ACE® Study Focuses on Safety of Bikram Yoga by Measuring Heart Rate and Core Temperatures During Class
Researchers Say Many Participants’ Core Body Temperatures Reached Very High Levels During 90-Minute Session
SAN DIEGO, April 22, 2015—In a new independent study commissioned by the American Council on Exercise (ACE), researchers found that a large number of the participants reached a very high core temperature of greater than 103 degrees F during a Bikram yoga class. Notably, well-established sports medicine guidelines state that exertion-related heat illnesses can occur at a core temperature of 104 degrees F.
A typical Bikram yoga session lasts 90 minutes and consists of 26 poses and two breathing exercises performed in a room heated to 105 degrees F with 40 percent humidity. Many Bikram yoga practitioners say that having the mental strength and focus to overcome this challenge is a big part of the draw. Many advocates of Bikram claim improved mindfulness, flexibility, strength, muscle tone and general fitness as a direct result of the practice.
But, according to ACE, though there are several benefits to practicing Bikram yoga, the concerns associated with the potential for heat-related challenges among some participants appear warranted.
ACE Chief Science Officer Cedric X. Bryant, Ph.D., FACSM, noted, “Exercising in hot and humid environments—whether inside a studio while practicing Bikram yoga or running outside during the warm months of summer—can place participants at risk for heat-related illness, especially if individuals do not adequately hydrate before, during, and after exercise.” Bryant added, “It’s essential that instructors of Bikram yoga are educated on how to recognize the signs of heat intolerance and respond appropriately in the event that a heat-related illness occurs.”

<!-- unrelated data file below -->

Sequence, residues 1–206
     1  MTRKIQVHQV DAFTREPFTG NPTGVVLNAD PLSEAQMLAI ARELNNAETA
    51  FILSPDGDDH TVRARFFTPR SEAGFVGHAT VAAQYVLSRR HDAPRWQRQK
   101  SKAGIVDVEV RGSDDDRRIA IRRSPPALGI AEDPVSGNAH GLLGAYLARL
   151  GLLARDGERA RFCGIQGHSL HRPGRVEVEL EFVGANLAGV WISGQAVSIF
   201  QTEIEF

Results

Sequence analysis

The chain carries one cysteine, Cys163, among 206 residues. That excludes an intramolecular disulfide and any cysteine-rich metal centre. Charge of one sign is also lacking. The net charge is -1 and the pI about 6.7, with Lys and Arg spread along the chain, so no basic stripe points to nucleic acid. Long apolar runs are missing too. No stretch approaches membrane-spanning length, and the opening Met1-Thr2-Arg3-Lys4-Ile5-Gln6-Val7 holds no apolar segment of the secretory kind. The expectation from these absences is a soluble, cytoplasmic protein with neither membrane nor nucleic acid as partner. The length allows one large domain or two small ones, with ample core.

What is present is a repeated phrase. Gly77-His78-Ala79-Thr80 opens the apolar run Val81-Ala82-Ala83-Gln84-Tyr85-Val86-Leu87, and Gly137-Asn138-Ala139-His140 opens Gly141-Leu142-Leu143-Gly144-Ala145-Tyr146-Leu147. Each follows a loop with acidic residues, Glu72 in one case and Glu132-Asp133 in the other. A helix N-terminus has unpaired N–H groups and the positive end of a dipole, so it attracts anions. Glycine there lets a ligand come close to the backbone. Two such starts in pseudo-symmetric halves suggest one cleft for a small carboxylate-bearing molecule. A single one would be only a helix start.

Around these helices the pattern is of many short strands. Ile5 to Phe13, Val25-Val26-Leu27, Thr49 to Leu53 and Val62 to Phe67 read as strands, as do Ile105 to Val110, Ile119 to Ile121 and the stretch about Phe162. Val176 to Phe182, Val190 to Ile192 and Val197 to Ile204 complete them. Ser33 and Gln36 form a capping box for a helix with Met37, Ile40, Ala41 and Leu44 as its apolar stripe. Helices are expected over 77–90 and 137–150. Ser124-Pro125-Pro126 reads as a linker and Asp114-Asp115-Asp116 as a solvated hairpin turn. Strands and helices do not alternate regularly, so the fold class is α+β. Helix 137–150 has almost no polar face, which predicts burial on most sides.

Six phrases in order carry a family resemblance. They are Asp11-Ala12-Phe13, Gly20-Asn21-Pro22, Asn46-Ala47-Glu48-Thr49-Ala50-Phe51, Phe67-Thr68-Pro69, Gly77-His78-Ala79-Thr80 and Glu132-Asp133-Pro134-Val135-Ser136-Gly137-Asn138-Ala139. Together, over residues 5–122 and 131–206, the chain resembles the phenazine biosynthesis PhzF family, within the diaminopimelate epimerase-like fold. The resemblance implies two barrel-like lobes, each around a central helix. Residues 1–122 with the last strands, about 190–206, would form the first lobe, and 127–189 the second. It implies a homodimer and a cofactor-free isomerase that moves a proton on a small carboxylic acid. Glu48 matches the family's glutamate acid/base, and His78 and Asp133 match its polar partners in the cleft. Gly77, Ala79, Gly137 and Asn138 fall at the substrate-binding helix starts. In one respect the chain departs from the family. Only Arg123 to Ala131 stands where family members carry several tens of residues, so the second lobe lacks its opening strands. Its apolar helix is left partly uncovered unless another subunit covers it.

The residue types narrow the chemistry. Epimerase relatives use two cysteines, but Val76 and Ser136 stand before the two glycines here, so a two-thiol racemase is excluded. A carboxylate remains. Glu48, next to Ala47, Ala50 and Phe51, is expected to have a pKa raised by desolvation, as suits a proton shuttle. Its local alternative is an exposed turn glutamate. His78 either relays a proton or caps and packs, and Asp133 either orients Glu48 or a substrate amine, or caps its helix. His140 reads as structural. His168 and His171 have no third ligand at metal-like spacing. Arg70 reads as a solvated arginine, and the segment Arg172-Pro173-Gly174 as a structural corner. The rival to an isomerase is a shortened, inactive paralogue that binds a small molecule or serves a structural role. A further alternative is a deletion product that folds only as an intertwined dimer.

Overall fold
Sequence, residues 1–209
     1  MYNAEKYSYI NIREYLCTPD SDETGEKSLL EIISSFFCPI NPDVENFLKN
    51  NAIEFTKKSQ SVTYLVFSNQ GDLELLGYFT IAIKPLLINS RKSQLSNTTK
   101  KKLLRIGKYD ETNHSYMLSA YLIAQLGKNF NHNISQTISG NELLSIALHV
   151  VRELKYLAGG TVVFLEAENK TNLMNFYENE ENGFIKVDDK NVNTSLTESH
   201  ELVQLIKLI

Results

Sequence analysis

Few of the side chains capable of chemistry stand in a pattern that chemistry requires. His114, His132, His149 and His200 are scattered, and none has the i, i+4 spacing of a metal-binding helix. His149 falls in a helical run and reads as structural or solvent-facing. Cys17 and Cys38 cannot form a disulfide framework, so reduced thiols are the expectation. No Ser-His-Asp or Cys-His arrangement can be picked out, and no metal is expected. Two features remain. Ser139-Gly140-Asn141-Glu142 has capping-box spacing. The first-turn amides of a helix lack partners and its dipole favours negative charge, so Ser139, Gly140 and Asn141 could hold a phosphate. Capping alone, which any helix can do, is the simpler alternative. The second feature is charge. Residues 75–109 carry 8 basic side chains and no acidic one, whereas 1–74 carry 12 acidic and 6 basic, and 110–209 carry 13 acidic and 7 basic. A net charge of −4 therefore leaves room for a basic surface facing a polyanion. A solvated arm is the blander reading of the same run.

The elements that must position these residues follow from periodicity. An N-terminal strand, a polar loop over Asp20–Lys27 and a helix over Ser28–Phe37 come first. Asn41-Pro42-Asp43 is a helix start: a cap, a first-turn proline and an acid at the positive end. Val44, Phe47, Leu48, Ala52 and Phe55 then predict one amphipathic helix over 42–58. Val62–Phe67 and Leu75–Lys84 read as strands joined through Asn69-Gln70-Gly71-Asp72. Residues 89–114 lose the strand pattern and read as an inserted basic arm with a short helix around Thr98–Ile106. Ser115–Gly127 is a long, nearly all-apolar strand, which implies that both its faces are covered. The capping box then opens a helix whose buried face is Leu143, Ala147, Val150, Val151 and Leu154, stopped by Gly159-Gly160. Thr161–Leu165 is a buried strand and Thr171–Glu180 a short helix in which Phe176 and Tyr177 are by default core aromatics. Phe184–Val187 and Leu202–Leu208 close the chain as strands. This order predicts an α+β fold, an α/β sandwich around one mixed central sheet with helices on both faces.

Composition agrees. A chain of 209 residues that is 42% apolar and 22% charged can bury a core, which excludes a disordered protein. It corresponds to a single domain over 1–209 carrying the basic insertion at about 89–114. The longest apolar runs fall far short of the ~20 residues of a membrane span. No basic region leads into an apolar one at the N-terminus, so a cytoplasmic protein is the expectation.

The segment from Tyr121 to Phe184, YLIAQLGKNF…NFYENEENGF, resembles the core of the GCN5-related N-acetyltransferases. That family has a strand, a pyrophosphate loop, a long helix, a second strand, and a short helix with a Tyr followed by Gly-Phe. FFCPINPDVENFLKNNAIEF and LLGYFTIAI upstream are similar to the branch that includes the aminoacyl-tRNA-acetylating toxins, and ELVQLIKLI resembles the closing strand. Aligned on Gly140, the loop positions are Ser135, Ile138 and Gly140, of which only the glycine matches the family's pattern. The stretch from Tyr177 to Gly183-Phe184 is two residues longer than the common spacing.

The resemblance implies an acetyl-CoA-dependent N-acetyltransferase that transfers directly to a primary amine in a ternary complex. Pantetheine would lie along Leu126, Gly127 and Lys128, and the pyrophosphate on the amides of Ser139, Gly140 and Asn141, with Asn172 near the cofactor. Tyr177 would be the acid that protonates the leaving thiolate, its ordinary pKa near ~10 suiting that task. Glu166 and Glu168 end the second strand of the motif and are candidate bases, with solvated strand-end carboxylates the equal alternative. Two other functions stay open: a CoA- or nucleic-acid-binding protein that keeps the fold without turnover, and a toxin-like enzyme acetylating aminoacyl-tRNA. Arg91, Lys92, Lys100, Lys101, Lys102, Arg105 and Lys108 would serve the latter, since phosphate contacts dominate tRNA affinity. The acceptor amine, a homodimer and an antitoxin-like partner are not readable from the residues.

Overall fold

Conducted by researchers at the department of exercise and sport science in the University of Wisconsin, La Crosse, the study tested 20 (7 male and 13 female) apparently healthy volunteers ranging in age from 28 to 67. All subjects regularly practiced Bikram yoga. Each participant swallowed a core body temperature sensor and wore a heart-rate monitor throughout a class led by a certified instructor. Core temperature was recorded prior to the start and every 10 minutes during the session. Researchers also recorded heart rate every minute during the class, and ratings of perceived exertion at the end of class using a 1 to 10 scale.
Results showed the average heart rate for men was 80 percent of the predicted maximum and 72 percent for women. The highest heart rate achieved during the class for men was 92 percent of the predicted maximum, while 85 percent for women. The average highest core temperature was 103.2 degrees F for men and 102.0 degrees F for women. One male in the study had a core temperature of 104.1 degrees F by the end of the 90-minute class, and seven of the 20 subjects had core temperatures greater than 103 degrees F. While none of the subjects in the study exhibited signs or symptoms of heat intolerance, core temperatures such as these can pose a certain level of risk for some participants.
“Given the popularity of Bikram yoga and its proven benefits, it is likely here to stay,” Bryant said. “It’s up to the instructors to make sure it is done safely and efficiently by adapting participants gradually to the hot and humid environment, and encourage them to drink fluids before, throughout, and after the class.”
For more information, visit: https://www.acefitness.org/acefit/expert-insight-article/47/5384/ace-study-examines-effects-of-bikram-yoga-on/
The nonprofit American Council on Exercise (ACE) educates, certifies, and represents more than 55,000 fitness professionals, health coaches, and other allied health professionals. ACE advocates for a new intersection of fitness and health care, bringing the highly qualified professionals that ACE represents into the healthcare continuum so they can contribute to the national solution to physical inactivity and obesity. ACE is the largest certifier in its space; all four of its primary certification programs are accredited by the National Commission for Certifying Agencies (NCCA), the gold standard in the United States for assessing professional competence. ACE also plays an important public-service role, conducting research and making available science-based information, and resources on safe and effective physical activity and sustainable behavior change. For more information, call (800) 825-3636 or visit ACEfitness.org. AMERICAN COUNCIL ON EXERCISE, ACE and ACE logos are Registered Trademarks of the American Council on Exercise.
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